Ert- Physics BY AMYSSMYBFF Introduction The purpose of this report is to address the application of treating common vision problems associated with geometric optics. This report will also attend to the nature of the conditions, different methods of treating the conditions and compare the success rates for these methods. The two common vision problems that will be concentrated in this report is Myopia (Nearsightedness), Hyperopia (Farsightedness). Nature of the Condition Myopia is a common vision impairment in which close objects are seen clear but far objects appear blurry.
Nearsightedness occurs if the eyeball is too long or the cornea, the clear front cover of the eye, has too much curvature. As a result, the light entering the eye isn’t focused correctly. This inaccuracy is called a refractive error. In other words, an over focused fuzzy image is sent to the brain. Figure 1. 1 – Myopic Eye uncorrected With a Myopic eyeball, the point of clarity falls in front of the retina rather than on it. This makes close objects clear and far objects blurry. Figure 1. 2 – Myopic Eye corrected by a concave lens When a Myopic Eye is correct by a concave lens, the light rays are refocussed on the etina.
This now makes both close and far objects clear. Hyperopia is also a common vision impairment that unlike Myopia, far objects are seen clear but close objects appear blurry. Farsightedness occurs if your eyeball is too short or the cornea has too little curvature, so light entering your eye is not focused correctly. Figure 2. 1 – Hyperopic Eye uncorrected With a Hyperopic eyeball, the point of clarity falls behind the retina rather than on it. This makes far objects clear and far objects clear. Figure 2. 2- Hyperopic Eye corrected by convex lens
When a Hyperopic Eye is correct by a convex lens, the light rays are refocussed on the retina. This now makes both far and close objects clear. Different Methods for Treating the Condition There are many options available to help overcome Myopia. Several options include procedures, vision therapy for people with stress-related nearsightedness. Eyeglasses are frequently used to correct Myopia but some individuals prefer contact lenses which provide a broader view of life. Contact lenses are worn directly on the eye so which they require regular cleaning and care to maintain eye health.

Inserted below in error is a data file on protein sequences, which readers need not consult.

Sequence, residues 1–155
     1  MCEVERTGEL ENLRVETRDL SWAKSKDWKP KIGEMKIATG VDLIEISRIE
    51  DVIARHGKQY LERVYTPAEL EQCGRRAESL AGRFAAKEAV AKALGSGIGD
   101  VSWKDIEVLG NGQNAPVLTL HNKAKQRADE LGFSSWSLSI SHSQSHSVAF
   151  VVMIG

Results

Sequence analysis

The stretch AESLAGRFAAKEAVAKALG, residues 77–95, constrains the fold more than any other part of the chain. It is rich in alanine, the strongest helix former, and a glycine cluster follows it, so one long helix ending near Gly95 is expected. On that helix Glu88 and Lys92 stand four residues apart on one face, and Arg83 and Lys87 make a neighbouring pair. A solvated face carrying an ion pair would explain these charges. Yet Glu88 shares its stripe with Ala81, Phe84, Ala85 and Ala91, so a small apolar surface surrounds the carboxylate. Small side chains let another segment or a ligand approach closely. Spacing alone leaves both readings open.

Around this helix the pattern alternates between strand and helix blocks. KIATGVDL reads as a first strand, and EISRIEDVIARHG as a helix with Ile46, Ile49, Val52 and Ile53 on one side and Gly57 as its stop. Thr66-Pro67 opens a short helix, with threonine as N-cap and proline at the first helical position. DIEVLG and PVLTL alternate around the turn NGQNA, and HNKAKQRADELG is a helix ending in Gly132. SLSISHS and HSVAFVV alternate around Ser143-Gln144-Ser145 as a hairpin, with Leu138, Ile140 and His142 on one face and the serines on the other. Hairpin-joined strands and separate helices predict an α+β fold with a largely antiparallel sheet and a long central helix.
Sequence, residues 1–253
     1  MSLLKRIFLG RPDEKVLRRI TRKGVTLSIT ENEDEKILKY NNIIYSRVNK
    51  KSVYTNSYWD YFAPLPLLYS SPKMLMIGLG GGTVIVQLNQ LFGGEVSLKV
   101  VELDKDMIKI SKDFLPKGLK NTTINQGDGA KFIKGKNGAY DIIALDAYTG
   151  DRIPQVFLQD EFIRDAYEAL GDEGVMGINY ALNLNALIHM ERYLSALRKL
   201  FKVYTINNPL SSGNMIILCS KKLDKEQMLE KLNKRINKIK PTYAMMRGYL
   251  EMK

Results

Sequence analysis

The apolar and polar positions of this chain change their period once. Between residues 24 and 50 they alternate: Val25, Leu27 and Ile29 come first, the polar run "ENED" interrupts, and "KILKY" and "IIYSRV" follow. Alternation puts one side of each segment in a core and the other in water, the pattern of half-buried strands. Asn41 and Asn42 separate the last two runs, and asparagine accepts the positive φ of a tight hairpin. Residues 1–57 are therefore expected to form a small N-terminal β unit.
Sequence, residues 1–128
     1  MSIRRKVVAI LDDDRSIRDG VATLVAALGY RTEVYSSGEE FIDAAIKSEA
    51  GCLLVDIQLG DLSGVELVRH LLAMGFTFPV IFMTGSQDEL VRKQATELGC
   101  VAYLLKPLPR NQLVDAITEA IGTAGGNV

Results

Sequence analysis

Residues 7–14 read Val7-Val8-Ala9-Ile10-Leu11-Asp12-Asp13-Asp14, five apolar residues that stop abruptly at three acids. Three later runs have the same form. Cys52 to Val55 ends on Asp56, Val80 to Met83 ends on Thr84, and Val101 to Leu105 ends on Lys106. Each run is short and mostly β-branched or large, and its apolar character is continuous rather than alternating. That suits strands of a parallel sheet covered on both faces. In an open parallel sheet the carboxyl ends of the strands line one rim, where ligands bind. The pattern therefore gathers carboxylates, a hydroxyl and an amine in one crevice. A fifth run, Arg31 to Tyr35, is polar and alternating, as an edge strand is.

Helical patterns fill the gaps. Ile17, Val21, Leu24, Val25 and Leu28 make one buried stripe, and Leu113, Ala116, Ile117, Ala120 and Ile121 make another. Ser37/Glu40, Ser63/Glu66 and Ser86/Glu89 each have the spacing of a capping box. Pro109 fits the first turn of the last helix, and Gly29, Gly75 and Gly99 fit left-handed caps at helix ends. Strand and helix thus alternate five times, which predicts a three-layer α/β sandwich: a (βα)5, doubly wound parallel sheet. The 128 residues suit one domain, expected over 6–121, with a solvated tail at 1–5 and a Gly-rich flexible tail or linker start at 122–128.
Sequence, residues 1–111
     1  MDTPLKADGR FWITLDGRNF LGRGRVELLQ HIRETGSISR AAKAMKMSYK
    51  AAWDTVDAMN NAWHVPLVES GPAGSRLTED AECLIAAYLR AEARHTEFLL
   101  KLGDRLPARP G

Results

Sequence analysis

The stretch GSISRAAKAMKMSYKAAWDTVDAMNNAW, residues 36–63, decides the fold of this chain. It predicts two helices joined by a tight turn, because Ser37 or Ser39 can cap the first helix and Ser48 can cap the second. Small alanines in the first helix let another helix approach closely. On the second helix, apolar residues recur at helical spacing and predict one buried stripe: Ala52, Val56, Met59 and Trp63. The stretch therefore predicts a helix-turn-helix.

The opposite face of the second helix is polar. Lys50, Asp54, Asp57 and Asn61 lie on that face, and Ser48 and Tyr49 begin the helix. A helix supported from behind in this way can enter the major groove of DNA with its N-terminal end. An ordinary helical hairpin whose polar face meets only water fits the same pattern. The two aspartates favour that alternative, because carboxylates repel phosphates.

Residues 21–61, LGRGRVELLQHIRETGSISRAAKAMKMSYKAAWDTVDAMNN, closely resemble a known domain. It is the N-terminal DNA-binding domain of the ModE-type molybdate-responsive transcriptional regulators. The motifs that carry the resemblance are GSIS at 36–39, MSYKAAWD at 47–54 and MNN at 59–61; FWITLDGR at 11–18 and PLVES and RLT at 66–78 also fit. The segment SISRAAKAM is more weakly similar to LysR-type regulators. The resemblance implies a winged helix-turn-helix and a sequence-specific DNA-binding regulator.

Reshaping the cornea can also treat Myopia. Orthokeratology, is a process that reshapes the cornea by wearing a series of rigid contact lenses daily for limited periods. A laser beam of light can also correct Myopia. Photorefractive keratectomy (PRK) and laser in situ keratomileusis (LASIK) are the commonly used procedures. In PRK, a laser is used to remove a thin layer of tissue from the surface of the cornea in order to change its shape and refocus light entering the eye. There is a limit to how much tissue can safely be removed and therefore the amount of nearsightedness that can be corrected.
LASIK does not remove tissue from the surface of the cornea, but from its inner layers. To do this, a section of the outer corneal surface is cut and folded back to expose the inner tissue. Then a laser is used to remove the precise amount of corneal tissue needed to reshape the eye, and then the flap of outer tissue is placed back in position to heal. The amount of nearsightedness that LASIK can correct is limited by the amount of corneal tissue that can be removed in a safe manner. There are many options available to help overcome Hyperopia.
Hyperopia can also be reated with eyeglasses, contact lenses and like Myopia, it can also be treated with refractive surgery. Some common refractive eye surgery procedures are Laser- assisted subepithelial keratomileusis (LASEK), Conductive Keratoplasty (CK). In the LASEK process, a thin layer of cornea is folded back. This is done so that the eye will not get as much damage compared to an absolute exposure. If you are into sports or if you are at risk of injuring your eyes then this sort of surgery is a better option for you. In this type of surgery, radiofrequency energy is used for applying heat in tiny spots n the cornea area.
The kind of effect of this radiofrequency is comparable to a plastic wrap being stretched with heat. The change in the curvature of your cornea will depend on the spacing of the spots, the number of the spots, and the way the cornea will heal after the procedure. Results from CK vary from person to person. Success Rates Eyeglasses and contact lenses are successful for both Myopia and Hyperopia 100% of the time. The success rates for laser eye surgery are unfortunately unpredictable, sometimes it is a successful but other times not.
According to an article published in the November issue of the Archives of Ophthalmology, there are no long term destructive corneal effects following LASIK and PRK. The study examined 29 myopic LASIK and PRK patients 9 years after the surgery and found them to display no abnormal changes. There was a 5. 3% decrease in the endothelial cell density which corresponds to a normal cell decrease in individuals that never had the refractive procedure. While the study did not examine far sighted post operative patients, they concluded that the results would be similar to the near sighted patients. Conclusion